May 14, 2014

THE SKED Series Finale Review: “Suburgatory”


Tonight’s series finale of SUBURGATORY provided as clear a picture as any of how much the series had lost its way in the course of its three season run.  Originally, Emily Kapnek’s show had a very clear voice and point of view:  Tessa Altman (played wonderfully by Jane Levy) had been moved against her will from Manhattan to the suburbs by her father George (Jeremy Sisto), and her sardonic, hostile, vulnerable commentary on the vapidity she saw around her was the spine of the writing.

Perhaps there was no way to sustain that kind of humorous bile, especially on network TV.  By Season 2, Tessa had become another Chatswin resident, a little brighter and more perceptive than most, and the series both broadened its tone and widened its focus, especially to the love lives of George, Tessa, Tessa’s best friends Lisa (Allie Grant) and Malik (Maestro Harrell), and neighbor Dallas (Cheryl Hines) and her daughter Dalia (Carly Chaikin).  George and Dallas became a couple (and then not).  Tessa and Lisa’s brother Ryan (Parker Young) became a couple (and then not).  Lisa and Malik became a couple.  Lisa’s parents Sheila (Ana Gasteyer) and Fred (Chris Parnell) adopted Victor (Bryson Barretto).  Some of it was funny, but much of it was labored and repetitive, and the series went down a rabbit hole in Season 2 as Dalia became especially hateful to Tessa after their parents got together.  When the show wasn’t being nasty it was being silly, and Tessa herself became bland, lovelorn for Ryan and without any other particular motivation as a character.

Season 3 was more even-toned, but the charm and originality of the series were mostly gone.  What turned out to be the series finale, written by Co-Executive Producer Andrew Guest and directed by Julia Anne Robinson, was a tired reprise of old storylines.  At Lisa and Malik’s wedding the episode before, George and Dallas had fallen into bed together, so the question of whether they’d reunite was back on the table.  Meanwhile, Ryan was in town for his sister’s wedding, and after denying she still had feelings for him (going so far in repression that she joined an elderly women’s knitting circle to distract herself and became obsessed with it), Tessa and Ryan started pulling off each other’s clothes in the middle of the street, in what would have been a cliffhanger if the cliff hadn’t been sawed out from under them by ABC.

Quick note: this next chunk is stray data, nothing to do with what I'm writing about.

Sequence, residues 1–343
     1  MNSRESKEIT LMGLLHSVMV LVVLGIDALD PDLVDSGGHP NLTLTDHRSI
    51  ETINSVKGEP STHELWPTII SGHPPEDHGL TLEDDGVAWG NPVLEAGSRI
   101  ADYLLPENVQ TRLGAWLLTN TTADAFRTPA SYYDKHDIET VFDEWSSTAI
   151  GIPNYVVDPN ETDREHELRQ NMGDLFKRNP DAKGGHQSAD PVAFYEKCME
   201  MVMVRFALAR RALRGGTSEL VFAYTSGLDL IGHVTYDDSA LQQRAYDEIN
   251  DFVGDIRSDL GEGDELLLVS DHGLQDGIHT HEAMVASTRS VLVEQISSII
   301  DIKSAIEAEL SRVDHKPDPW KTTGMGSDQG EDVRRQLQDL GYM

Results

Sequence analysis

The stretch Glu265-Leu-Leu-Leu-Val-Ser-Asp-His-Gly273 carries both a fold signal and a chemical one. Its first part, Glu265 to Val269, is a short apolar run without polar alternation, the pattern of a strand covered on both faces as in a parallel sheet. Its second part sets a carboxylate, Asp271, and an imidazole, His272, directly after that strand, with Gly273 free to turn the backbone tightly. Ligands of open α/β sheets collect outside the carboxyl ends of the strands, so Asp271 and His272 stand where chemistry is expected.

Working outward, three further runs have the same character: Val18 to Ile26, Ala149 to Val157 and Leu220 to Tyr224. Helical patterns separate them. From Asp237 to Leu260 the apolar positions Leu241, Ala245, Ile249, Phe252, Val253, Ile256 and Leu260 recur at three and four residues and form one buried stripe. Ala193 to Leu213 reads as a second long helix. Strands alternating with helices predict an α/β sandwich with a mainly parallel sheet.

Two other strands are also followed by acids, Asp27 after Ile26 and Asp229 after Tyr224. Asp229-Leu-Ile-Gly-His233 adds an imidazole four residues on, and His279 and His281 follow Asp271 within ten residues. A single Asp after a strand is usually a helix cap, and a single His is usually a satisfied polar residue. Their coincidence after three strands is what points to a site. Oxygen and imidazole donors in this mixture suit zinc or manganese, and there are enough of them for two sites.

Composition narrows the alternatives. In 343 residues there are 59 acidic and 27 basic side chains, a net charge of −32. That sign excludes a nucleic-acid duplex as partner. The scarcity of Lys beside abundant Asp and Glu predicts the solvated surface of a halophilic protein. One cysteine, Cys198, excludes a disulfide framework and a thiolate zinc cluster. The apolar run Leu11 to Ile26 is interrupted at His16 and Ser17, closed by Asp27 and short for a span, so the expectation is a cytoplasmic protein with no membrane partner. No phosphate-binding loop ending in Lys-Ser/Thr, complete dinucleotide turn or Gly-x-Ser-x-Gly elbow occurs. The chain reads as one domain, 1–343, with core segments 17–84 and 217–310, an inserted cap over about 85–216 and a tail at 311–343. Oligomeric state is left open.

Suburgatory still had its talented cast, and put together a few appealing episodes this season, like last week’s wedding, and one where Tessa ended up traveling with Dallas to the funeral of Dallas’s mother.  (Levy and Hines together were a combination that nearly always worked.)  For the most part, though, the show had lost its direction with little prospect of restoring itself, and since the ratings were tepid, falling from its lead-in The Middle, one can’t blame ABC for deciding to move on.  Kapnek already has a new series pick-up with the upcoming Selfie (although one wishes that looked more promising), and the actors will no doubt show up soon enough in their own projects.  Suburgatory wanted very much to set itself apart from other network sitcoms when it started, and for a while it did, but the inspiration proved hard to maintain.

About the Author

Mitch Salem
MITCH SALEM has worked on the business side of the entertainment industry for 20 years, as a senior business affairs executive and attorney for such companies as NBC, ABC, USA, Syfy, Bravo, and BermanBraun Productions, and before that, at the NY law firm of Weil, Gotshal & Manges. During all that, he has more or less constantly been going to the movies and watching TV, and writing about both since the 1980s. His film reviews also currently appear on and In addition, he is co-writer of an episode of the television series "Felicity."